Corals worldwide are threatened by global warming, in turn threatening fish species that rely on them to provide food, habitat and shelter from predators. A study published in Proceedings of the Royal Society B: Biological Sciences suggests that in many areas fish biodiversity could be halved as a consequence of coral decline.
Giovanni Strona, from the University of Helsinki, led an international team including Italian researchers from L’Aquila, Naples and Milan, in a study1 to assess to what extent fish diversity really depends on coral diversity. The researchers took maps of the world’s main reef regions, and divided them into a grid of cells measuring one latitudinal per one longitudinal degree. They mapped fish and coral diversity inside each cell, by collating data from online databases compiled by the International Union for the Conservation of Nature, an NGO. They looked at 6964 coral-reef-fish species and 119 coral genera.
The scientists created a mathematical model to investigate how fish diversity varies in relation to coral diversity, taking into account factors such as salinity, temperature, and reef isolation. With this model, they looked at three of the scenarios described in the latest Intergovernmental Panel on Climate Change (IPCC) assessment to understand how, in relation to climate change, the expected future loss of corals would affect fish biodiversity.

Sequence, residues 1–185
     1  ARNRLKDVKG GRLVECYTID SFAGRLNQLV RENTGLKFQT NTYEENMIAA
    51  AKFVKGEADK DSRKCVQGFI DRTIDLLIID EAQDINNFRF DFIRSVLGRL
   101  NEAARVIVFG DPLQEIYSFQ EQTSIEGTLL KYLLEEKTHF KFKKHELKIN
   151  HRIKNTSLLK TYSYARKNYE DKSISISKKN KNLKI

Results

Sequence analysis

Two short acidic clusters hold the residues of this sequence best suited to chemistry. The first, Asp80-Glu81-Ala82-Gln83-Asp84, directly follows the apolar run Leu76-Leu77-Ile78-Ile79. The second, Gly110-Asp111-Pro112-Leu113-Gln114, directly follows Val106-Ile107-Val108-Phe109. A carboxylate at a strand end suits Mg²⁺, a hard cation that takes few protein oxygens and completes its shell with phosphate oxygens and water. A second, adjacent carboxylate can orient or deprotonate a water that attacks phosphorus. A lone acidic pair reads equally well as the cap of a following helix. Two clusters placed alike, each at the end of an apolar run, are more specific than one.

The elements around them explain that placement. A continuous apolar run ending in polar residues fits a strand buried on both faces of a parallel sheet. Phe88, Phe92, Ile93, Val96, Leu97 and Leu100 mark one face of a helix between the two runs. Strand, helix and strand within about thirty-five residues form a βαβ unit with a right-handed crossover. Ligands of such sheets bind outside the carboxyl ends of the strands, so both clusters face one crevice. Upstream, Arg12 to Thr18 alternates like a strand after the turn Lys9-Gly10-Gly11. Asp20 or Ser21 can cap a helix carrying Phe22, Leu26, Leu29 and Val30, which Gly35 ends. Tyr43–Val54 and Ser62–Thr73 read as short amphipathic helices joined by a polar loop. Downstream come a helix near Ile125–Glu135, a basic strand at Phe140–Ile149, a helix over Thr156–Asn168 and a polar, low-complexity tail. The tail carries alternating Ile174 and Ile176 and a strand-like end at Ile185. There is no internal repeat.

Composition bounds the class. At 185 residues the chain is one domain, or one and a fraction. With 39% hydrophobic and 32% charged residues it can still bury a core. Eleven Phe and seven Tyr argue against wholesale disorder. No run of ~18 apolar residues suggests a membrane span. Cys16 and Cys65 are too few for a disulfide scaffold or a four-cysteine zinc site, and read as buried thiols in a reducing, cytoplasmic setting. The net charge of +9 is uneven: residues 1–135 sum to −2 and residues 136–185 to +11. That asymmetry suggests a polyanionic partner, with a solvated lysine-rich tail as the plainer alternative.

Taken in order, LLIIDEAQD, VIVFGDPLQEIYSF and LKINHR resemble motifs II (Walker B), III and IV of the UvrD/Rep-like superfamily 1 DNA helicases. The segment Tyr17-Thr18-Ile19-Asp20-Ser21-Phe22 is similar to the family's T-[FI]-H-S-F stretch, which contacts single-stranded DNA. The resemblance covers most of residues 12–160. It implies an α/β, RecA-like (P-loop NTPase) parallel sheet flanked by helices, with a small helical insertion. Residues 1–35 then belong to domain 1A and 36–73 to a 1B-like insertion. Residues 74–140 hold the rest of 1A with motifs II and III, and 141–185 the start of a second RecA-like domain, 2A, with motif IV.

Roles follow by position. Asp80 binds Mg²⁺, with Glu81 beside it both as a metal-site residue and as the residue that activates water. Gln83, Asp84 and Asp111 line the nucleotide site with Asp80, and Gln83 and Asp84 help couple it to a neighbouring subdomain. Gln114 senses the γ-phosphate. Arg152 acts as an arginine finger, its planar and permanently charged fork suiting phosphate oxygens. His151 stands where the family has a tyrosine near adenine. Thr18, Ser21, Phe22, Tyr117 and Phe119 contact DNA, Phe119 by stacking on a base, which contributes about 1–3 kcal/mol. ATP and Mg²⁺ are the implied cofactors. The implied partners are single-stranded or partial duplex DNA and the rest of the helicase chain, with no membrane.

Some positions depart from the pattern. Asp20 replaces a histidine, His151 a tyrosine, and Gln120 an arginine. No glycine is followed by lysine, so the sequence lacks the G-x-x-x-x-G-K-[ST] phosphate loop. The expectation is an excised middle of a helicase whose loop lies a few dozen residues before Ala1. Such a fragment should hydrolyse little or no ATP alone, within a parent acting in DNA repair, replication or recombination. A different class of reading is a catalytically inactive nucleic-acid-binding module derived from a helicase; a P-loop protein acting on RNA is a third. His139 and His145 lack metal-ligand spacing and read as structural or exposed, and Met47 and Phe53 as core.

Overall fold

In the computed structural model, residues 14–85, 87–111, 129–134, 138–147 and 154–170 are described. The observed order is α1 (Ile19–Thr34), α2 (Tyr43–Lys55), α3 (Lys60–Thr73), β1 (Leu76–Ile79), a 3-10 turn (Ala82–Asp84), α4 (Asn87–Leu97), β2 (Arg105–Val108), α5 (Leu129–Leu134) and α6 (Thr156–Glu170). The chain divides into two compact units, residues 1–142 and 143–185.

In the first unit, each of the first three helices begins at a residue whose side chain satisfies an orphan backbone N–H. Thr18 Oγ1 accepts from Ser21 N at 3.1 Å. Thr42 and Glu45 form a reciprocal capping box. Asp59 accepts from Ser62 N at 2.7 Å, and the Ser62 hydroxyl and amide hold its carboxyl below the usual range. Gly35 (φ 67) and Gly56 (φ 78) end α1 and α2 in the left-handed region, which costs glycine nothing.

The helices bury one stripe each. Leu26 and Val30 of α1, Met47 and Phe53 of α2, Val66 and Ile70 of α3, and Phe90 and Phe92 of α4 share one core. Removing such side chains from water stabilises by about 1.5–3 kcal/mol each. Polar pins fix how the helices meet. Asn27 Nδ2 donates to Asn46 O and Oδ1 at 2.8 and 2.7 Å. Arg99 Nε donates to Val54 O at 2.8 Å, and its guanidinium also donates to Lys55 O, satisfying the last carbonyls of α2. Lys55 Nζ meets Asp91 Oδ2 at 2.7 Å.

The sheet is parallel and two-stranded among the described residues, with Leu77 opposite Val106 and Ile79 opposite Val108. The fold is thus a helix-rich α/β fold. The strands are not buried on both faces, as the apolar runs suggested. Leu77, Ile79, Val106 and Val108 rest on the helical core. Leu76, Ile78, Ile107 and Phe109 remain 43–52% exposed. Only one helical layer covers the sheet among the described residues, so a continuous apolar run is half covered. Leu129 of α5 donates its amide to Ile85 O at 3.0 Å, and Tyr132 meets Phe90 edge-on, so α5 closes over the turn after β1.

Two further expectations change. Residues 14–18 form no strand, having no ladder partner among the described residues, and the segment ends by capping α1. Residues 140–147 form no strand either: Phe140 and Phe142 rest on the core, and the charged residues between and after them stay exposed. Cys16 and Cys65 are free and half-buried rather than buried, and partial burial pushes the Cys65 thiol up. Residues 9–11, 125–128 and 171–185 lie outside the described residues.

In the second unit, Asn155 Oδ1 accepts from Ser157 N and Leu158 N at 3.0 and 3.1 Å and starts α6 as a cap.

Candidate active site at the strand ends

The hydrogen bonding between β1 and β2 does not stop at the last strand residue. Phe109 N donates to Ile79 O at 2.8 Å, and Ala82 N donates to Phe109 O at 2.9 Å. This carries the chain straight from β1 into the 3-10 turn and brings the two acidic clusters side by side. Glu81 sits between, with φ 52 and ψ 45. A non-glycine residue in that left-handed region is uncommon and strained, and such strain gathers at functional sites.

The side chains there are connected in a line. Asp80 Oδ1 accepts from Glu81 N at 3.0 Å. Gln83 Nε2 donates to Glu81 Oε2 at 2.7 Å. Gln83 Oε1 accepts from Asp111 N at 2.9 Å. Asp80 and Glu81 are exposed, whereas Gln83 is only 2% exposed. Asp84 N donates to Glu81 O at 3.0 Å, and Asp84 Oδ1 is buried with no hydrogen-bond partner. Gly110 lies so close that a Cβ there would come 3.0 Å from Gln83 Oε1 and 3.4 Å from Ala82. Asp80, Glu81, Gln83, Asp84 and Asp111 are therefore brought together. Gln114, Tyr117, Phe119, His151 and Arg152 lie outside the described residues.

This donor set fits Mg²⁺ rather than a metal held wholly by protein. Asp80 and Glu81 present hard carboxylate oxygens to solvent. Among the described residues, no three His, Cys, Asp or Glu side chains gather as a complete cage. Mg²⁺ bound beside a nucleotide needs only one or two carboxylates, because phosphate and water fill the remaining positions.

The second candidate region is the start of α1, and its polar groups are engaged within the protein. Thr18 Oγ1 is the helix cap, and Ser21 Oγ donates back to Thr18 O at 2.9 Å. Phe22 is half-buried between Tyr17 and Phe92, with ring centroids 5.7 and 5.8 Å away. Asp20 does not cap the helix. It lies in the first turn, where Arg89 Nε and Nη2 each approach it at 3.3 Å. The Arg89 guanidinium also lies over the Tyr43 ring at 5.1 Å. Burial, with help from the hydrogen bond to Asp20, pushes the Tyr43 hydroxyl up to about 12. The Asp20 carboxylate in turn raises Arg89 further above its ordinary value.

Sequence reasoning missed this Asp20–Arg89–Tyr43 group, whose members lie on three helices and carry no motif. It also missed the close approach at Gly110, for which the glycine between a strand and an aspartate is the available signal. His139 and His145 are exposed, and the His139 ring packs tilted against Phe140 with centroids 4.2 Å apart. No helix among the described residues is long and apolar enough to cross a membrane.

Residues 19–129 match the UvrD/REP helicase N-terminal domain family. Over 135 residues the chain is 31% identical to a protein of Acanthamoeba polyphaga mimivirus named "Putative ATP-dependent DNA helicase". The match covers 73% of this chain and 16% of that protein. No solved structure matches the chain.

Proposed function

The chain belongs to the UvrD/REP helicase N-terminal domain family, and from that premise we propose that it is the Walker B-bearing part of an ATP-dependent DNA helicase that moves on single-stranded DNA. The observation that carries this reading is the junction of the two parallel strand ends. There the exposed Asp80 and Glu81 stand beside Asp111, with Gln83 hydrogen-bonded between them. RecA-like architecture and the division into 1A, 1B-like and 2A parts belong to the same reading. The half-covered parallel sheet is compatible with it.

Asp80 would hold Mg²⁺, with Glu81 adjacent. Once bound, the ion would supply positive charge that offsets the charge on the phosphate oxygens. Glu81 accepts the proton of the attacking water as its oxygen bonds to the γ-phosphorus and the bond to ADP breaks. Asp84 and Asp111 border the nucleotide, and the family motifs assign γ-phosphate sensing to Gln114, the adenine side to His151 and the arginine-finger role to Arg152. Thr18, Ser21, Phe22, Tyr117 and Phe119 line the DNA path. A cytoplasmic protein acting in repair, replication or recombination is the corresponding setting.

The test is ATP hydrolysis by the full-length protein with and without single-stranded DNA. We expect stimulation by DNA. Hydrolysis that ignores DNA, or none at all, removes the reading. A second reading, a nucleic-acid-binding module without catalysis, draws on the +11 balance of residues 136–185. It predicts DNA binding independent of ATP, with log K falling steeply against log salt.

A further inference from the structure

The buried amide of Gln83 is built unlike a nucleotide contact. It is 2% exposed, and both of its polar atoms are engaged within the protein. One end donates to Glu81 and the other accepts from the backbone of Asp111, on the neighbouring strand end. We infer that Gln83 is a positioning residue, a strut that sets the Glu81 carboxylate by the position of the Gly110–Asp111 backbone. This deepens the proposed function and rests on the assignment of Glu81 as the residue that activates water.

Rising water temperatures are known to cause bleaching, the expulsion of symbiotic algae by coral polyps which results in starvation. The scientists assumed a substantial coral mortality in a given reef locality at a given time if the projected temperature was two degrees higher than the historical average.
Under the most pessimistic climate scenario, all reefs on a global scale will be affected by at least one mass mortality event by 2060. Under the most optimistic one, the share would still be above 60%. The study concludes that in the pessimistic scenario local fish diversity would decline by 40% by 2060. This represents more than the fish that actually live on reefs, indicating that many other species would be indirectly affected.
One limitation of the model is that it does not reveal much about which fish species will be more affected, and the team is now focusing on this aspect. “Unraveling such complexity may be vital for preventing future biodiversity loss” says Strona.
"This study describes a refined theoretical framework on the link between community and habitat which could be used in other contexts,” says Stefano Aliani, a marine biology researcher at the ISMAR-CNR Institute of Marine Sciences, in Venice, who did not take part in the research.
Strona G et al., Proc. R. Soc. B 288 (2021).